Ok, so I like peanuts and this has been the highlight of our staycation. Well, there were a few other things, but I can't mention those. :) And, I have to tell you- no one paid me to talk about Whitley's peanuts. It's just a little regional pride thing in a truly great product which lots of people enjoy.

I made this charoite piece in spurts. Every chance I got to sit down with my tools for a few minutes, I bent a few wires. I used 18g wire, so it has a real big silver look with the frosty, chatoyant lavender. Today, I called it done. I think I started it three days ago.

We still have a few days left of staycation. I'm hoping to get in a few historical sights. By next week, DH will be back to work and the weather should be more amendable to cabbing. :)

Thanks for following along with me on my nutty blog entry.

Saturday, March 2, 2013

The House That Tela Built

Ahhh, feels good to be back in the swing of things. I should have come here first when I began my funk. Y'all cheered me up. My muse is still a bit sluggish, though.

One of the things I like to do for my muse is to go back and look at some ideas that I had when I was on a roll. I don't like to do the same thing too many times, but often, just looking at older things, which I had intended to explore more of later, will spur me on. For instance, y'all might remember this piece from here.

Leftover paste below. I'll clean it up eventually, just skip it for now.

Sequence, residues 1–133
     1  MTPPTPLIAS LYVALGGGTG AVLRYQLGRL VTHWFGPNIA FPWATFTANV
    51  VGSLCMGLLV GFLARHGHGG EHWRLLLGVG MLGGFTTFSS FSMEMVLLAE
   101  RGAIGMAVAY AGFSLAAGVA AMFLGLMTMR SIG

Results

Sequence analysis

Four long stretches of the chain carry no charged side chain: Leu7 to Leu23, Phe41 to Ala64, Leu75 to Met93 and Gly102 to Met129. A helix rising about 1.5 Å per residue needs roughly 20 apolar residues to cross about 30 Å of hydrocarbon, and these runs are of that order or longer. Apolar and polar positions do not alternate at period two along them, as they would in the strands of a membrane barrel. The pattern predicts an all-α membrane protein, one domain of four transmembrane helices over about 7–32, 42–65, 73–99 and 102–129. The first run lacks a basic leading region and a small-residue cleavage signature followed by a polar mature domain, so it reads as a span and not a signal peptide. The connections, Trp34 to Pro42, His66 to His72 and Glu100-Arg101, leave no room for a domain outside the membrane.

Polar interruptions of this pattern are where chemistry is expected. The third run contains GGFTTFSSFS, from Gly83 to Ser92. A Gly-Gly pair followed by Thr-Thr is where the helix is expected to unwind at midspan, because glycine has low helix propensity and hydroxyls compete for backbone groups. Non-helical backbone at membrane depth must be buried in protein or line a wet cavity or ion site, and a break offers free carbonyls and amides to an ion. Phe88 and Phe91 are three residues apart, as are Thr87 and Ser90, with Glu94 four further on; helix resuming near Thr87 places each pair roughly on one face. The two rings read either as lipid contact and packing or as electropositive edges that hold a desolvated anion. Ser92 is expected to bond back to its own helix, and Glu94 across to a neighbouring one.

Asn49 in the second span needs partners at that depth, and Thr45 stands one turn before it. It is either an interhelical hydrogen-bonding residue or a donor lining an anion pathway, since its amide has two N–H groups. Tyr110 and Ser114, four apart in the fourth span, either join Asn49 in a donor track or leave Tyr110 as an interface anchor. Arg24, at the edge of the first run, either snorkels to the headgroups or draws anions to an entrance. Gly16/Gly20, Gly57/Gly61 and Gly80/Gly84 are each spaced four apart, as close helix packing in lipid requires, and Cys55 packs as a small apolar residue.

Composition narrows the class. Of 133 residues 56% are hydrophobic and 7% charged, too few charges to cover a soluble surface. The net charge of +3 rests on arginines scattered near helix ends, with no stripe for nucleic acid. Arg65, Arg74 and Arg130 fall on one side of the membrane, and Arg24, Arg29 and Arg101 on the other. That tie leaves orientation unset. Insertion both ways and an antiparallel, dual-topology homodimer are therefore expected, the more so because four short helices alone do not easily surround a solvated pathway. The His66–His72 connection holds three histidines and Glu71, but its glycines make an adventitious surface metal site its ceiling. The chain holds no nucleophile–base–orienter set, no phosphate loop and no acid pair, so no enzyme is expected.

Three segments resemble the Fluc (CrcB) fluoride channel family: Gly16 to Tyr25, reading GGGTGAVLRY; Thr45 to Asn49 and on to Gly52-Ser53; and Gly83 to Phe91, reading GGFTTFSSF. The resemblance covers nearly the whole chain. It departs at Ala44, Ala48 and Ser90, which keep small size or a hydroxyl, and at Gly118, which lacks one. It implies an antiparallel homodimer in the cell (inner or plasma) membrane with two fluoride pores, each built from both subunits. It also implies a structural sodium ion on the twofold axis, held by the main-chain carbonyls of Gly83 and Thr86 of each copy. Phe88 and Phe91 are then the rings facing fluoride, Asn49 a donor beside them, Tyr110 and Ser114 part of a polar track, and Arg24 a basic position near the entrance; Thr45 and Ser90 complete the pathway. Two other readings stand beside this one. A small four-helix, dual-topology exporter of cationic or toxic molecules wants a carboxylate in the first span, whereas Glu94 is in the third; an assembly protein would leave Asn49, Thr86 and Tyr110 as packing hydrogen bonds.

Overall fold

Picasso jasper aka Picasso stone or Picasso marble

Well, I've had my eye on a piece of spectrolite. Problem is, it's a rectangle. Ick. Not my fav. I remembered the Picasso piece and reworked it for my spectrolite. The result is, "The House That Tela Built". :) Or, "Home, Sweet, Home". I like it.

This is a really super piece of Finnish Spectrolite. Every once in a while, I just need to do one. It use to be my favorite stone. It is still in my top 5. I will always have a soft spot for it's many delightful characteristics.

Speaking of spectrolite... I got some labradorite rough, kissing cousin to spectrolite. It is from Madagascar instead of Finland, not nearly as rare, bright or colorful, but the better quality of it does rival spectrolite. I got the good stuff from a guy who specializes in it. I have cabbed one piece so far. No pictures, yet. I find it challenging to cab. It is fairly soft, but that's not the real trouble. The problem is that the colors are found in layers in the stone. It is easy to grind right through your color layers. I have the greatest respect for several cutters I know who do beautiful work with it. I think you need to develop a kind of sense for working with it. I have plenty to play with and as soon as it is warm out, I'll begin that learning curve.

Here's a recent labradorite that I netted. This is from Madagascar. It was cut in India. It's a really big, beautiful stone. It took forever to net it, but it works well for the stone and cut.
It has already gone to a new home in Singapore. :)

That's it, thanks for reading and commenting :)